Indian startup – Freshworks Inc. is a software-as-a-service (SaaS) company that has become the first-of-its-kind Indian SaaS company to get listed on the US stock exchange, Nasdaq. It raised $1.03 billion from its IPO. The company issued its share at $36 per share. It registered a growth of over 32 per cent growth on the very first day and was trading at $47.55 per share at the end of the day. With the listing, 10 per cent of Freshworks’ employees became “crorepatis”. Out of the 500 employees becoming crorepatis, roughly 70 are below the age of 30.
India has the third-largest startup ecosystem with the valuation running in billions of dollars for more than 50 of the startups. As reported by the TFI, more than 50,000 companies have been registered as startups under Department for Promotion of Industry and Internal Trade. While the IPO success of Freshworks brought a smile to the faces of all, the fact that the SaaS sector is about to overtake the IT sector of India shortly was given a miss by many. The SaaS sector of India pacing ahead of the IT sector is a story that must be told.
What is SaaS?
Software as a service (SaaS) is a software licensing and delivery model in which software is licensed on a subscription basis and is centrally hosted. SaaS is also known as “on-demand software” and Web-based/Web-hosted software. SaaS is considered to be part of cloud computing. This service allows businesses and companies to make use of software for a variety of reasons. From managing customer-company relations to ensuring early resolution of disputes, companies can make use of SaaS to digitally streamline and hasten their services, thus creating a booming business environment.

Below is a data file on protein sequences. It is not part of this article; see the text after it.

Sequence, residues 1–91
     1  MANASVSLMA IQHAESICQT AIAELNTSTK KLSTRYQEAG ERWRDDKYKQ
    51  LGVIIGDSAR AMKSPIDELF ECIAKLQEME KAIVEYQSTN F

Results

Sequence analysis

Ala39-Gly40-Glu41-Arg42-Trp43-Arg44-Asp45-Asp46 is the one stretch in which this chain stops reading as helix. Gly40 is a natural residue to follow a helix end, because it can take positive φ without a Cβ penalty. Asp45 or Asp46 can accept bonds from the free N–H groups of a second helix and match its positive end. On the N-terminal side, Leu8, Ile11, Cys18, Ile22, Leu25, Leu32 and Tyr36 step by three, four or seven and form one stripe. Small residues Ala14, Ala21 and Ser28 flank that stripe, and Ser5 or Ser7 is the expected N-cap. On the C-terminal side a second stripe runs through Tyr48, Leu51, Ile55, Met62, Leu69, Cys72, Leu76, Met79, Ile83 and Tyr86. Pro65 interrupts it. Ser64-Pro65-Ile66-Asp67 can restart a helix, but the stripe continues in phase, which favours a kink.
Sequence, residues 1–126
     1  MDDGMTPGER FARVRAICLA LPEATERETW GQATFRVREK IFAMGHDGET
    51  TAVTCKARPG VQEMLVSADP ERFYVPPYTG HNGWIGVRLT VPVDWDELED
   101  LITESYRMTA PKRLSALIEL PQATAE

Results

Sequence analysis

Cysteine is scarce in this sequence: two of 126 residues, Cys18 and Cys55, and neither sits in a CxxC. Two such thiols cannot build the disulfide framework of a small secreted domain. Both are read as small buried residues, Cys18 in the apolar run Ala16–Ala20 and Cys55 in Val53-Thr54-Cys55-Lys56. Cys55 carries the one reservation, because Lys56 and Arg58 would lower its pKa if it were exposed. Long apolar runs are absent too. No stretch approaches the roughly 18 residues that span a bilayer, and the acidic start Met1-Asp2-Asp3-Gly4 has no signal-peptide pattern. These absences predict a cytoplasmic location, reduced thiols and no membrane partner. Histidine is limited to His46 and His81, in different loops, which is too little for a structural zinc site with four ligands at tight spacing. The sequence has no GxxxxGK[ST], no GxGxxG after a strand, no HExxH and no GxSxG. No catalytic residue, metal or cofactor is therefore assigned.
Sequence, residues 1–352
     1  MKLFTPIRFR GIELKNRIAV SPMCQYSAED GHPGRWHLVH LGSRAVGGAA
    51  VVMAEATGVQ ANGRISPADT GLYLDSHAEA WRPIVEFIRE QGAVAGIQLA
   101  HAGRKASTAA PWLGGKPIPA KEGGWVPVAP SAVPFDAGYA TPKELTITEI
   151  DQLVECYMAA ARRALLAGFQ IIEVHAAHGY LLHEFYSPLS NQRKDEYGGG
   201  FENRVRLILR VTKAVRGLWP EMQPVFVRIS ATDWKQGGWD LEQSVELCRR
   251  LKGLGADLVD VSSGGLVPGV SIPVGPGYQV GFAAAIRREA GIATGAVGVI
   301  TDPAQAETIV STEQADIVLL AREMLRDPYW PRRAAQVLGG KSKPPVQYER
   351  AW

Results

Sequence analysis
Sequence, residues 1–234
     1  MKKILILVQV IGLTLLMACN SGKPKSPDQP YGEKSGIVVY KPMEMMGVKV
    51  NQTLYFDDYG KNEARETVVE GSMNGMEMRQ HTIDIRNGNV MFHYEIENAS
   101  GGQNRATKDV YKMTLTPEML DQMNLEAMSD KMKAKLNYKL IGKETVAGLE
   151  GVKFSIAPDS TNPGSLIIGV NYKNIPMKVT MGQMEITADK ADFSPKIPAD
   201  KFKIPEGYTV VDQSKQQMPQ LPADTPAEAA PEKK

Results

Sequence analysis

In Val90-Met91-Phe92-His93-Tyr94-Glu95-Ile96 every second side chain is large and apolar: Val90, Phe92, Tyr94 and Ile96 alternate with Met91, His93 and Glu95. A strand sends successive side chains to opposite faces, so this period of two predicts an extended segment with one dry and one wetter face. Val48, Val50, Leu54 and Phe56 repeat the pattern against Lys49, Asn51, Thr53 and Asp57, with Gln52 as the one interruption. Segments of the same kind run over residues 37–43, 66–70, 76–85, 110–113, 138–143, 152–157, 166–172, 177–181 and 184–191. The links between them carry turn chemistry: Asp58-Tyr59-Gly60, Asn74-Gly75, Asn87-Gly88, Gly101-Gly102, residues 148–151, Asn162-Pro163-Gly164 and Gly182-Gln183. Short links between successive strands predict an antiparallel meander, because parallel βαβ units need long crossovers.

SaaS has been incorporated into the strategy of nearly all enterprise software companies. Global IT and research firm Gartner forecasted that software as a service (SaaS) remains the largest market segment on public cloud services and is forecast to reach $122.6 billion in 2021.
India’s Growing SaaS Sector
India is fast emerging as a leader in the SaaS sector. For India, the success of its IT sector has been a story to tell around the world. Now, the SaaS sector promises to outgrow the IT sector itself, and the effects of the same on the Indian economy will be tremendous. According to an estimate by consultancy firm Zinnov, in the last five years, for example, the number of active SaaS companies has doubled to more than 1,000, and the revenues of the sector have grown five-fold.
According to a report by Forbes, between 2025 and 2030, the software products companies from India will surpass the IT services sector by market value. The market value of India’s cloud software companies could touch as much as $1.8 trillion by 2030 if they grow aggressively. Forbes quoted a study by two firms, Chiratae and Zinnov, which found that Indian cloud software companies could cater to 10 per cent of the global SaaS demand at current growth rates of about 50 per cent every year. Even better, if the SaaS sector of India can push itself a little further and acquire a growth rate of 70 per cent every year it could even grab almost a fifth of the global demand.